Recording of the Week Natalie Clein and the Elgar Cello Concerto
I cannot think of a single piece of music associated more with one artist than Elgar's Cello Concerto is with Jacqueline du Pré. Many other cellists have recorded the work since - some of which are arguably as good as, if not better than, the legendary 1965 du Pré recording (I'm thinking particularly of Julian Lloyd Webber and Truls Mørk) - but none will ever sell anywhere near the two-million copies du Pré has clocked up, or attract the worldwide fame that she did by putting this work on the map.
The thirty-year-old former BBC Young Musician of the Year Natalie Clein releases her recording of the Elgar Concerto today. Being the first English female cellist to record the work since du Pré, comparisons are I suppose inevitable, but their recordings are quite different and I think Clein is probably closer to what Elgar actually intended.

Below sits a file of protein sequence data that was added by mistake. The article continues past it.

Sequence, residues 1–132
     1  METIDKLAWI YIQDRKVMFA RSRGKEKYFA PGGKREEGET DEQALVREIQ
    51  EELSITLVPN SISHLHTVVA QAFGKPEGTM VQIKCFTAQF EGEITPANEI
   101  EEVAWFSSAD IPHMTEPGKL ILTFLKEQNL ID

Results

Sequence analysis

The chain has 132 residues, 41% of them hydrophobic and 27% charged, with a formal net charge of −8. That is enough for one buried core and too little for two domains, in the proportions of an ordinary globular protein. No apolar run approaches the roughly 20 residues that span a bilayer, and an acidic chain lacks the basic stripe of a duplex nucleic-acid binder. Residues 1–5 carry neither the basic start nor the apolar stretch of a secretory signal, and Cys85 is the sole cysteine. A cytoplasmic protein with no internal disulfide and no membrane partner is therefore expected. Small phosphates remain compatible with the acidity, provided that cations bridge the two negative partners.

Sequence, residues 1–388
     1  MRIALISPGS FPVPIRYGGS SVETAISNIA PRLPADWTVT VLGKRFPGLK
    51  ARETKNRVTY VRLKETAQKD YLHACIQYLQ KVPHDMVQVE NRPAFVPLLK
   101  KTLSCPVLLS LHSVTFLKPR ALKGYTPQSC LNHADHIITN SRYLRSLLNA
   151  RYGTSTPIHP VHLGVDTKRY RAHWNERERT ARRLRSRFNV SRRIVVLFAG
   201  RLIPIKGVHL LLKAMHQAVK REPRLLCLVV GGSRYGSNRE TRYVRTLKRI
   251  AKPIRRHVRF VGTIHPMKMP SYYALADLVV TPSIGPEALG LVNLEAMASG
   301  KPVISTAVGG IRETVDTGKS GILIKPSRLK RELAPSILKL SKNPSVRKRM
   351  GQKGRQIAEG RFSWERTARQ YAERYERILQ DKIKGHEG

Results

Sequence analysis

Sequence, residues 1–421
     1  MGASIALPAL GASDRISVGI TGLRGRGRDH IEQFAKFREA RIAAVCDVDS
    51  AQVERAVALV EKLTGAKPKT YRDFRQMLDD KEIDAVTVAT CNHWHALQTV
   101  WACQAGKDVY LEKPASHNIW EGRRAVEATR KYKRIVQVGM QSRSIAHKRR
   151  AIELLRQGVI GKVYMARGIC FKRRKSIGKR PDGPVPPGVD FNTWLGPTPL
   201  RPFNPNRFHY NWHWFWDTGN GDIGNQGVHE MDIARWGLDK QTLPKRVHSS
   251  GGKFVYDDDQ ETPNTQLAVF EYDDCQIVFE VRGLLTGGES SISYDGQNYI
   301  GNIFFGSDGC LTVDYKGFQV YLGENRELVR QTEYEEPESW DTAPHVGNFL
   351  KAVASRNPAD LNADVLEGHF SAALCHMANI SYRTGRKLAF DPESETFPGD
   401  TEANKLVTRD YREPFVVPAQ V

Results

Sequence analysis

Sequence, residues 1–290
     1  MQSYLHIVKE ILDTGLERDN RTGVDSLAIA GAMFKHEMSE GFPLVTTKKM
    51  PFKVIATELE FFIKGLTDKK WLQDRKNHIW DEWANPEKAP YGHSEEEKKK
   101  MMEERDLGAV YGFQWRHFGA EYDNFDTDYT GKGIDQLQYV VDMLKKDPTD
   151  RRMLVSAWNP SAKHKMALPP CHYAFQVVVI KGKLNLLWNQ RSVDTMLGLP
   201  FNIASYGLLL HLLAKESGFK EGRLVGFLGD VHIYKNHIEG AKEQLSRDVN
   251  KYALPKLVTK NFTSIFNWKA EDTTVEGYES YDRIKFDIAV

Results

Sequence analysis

The du Pré recording became legendary because of the way she wore her heart on her sleeve and threw herself entirely into the music. This appeals very directly to the listener because you hear her exuberance and impulsiveness and this tears very directly at your own heart. Listen more critically however and she is often too loud to properly balance the orchestra and her tone has a certain hard edge to it which is not at all called for in the score.
Clein on the other hand concentrates on the beauty of every single note. Nothing escapes her attention and a wonderful singing legato carries you throughout. The result is a reflective yet simple reading full of humility and tenderness. Her tone is soft yet addictive and when you remember that Elgar wrote this work as a post-First World War elegy, it is for this reason more than anything else that I suspect this is closer to what the composer had in mind.
Released today on EMI, it represents a quite different reading of this work from the one which everyone knows and it is well worth hearing.
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